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The First Luminous Mystery:
A Commentary on Fra Angelico's "The Baptism of Christ"

by

Warren F. O'Rourke



From left to right in Fra Angelico's painting there are six human figures: two angels, Jesus, John the Baptist, Mary the mother of Jesus, and a Dominican friar. A Dominican friar? Impossible! Jesus was baptized somewhere around 25 A.D. to 35 A.D. The Dominicans did not come into existence until the early 13th Century, more than a thousand years after John baptized Jesus.

There is absolutely no doubt that the sixth figure is a Dominican friar. He is wearing the white cassock (clerical robe) and the hooded black cappa (clerical cloak) which gave these monks a rather sinister and spooky look whenever they covered their heads with their hoods and which caused Englishmen to call them Blackfriars. Although Fra Angelico's paintings depict a number of Dominican friars and nuns, usually the depictions are of Saint Dominic, the founder of the Dominican Order of Preachers.

By the way, the best-known Dominicans from history were the founder Saint Dominic, the philosopher Saint Thomas Aquinas, and the Grand Inquisitor Tomas de Torquemada, who most definitely was not a saint. And, of course, the painter Fra Angelico himself, who began his artistic career as a copyist and illuminator of manuscripts at a Dominican monastery in Fiesole, Italy, in the early 15th Century. Angelico, alas, is also not a saint though he has been considered for that honor, and has made it part-way to sainthood. His official title in Catholic circles is the Blessed Fra Angelico.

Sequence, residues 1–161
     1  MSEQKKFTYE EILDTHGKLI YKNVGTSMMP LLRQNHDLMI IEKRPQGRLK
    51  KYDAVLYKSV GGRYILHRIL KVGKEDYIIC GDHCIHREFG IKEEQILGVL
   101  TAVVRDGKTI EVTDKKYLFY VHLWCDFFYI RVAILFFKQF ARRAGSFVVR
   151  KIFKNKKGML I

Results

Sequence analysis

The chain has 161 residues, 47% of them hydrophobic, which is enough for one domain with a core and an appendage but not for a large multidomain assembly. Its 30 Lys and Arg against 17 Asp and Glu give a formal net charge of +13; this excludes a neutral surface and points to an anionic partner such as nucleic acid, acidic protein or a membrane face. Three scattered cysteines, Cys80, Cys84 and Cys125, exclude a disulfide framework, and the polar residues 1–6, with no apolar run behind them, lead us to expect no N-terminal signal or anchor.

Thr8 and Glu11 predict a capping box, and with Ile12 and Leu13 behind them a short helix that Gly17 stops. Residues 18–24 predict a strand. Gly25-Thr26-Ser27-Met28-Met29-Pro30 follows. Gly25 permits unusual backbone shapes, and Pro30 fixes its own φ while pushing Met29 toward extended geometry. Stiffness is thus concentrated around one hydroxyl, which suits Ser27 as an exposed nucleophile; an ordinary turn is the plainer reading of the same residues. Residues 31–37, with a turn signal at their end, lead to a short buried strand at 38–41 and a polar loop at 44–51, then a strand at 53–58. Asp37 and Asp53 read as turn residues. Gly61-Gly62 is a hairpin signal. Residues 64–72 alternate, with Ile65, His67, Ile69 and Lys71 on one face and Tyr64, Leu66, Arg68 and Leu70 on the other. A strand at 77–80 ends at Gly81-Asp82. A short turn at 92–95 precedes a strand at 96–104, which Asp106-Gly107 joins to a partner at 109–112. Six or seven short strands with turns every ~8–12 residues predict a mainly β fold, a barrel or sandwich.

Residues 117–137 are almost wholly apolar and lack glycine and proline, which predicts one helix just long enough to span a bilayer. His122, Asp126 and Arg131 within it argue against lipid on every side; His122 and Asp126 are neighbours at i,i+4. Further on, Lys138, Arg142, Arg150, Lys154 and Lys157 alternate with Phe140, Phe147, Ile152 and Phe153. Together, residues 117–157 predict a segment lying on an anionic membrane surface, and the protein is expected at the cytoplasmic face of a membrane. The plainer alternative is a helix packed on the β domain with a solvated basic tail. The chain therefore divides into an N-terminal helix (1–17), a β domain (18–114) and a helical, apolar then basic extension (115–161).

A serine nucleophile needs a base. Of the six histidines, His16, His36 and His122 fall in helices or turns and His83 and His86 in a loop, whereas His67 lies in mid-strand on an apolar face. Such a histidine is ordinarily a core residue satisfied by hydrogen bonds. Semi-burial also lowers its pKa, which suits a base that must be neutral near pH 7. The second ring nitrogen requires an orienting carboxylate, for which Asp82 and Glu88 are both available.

So why is 13th Century Saint Dominic in a 15th Century painting of an episode that occurred in the 1st Century? And how do we know that the friar depicted is Dominic?

Notice that the friar is holding a red book in his left hand and a pen in his right hand. This is a visual allusion to a miracle attributed to Dominic. As the story is usually told, in 1207 Dominic was given the task of burning some heretical writings of the Albigensians. In order to prove that the writings being burned were in fact full of errors, Dominic put a book of his own in the fire. Dominic's book was so full of truth that the fire miraculously did not harm his book; meanwhile, however, the heretical books were burned to ashes. In memory of that event, nearly all pictures of Dominic show him holding a book and a pen.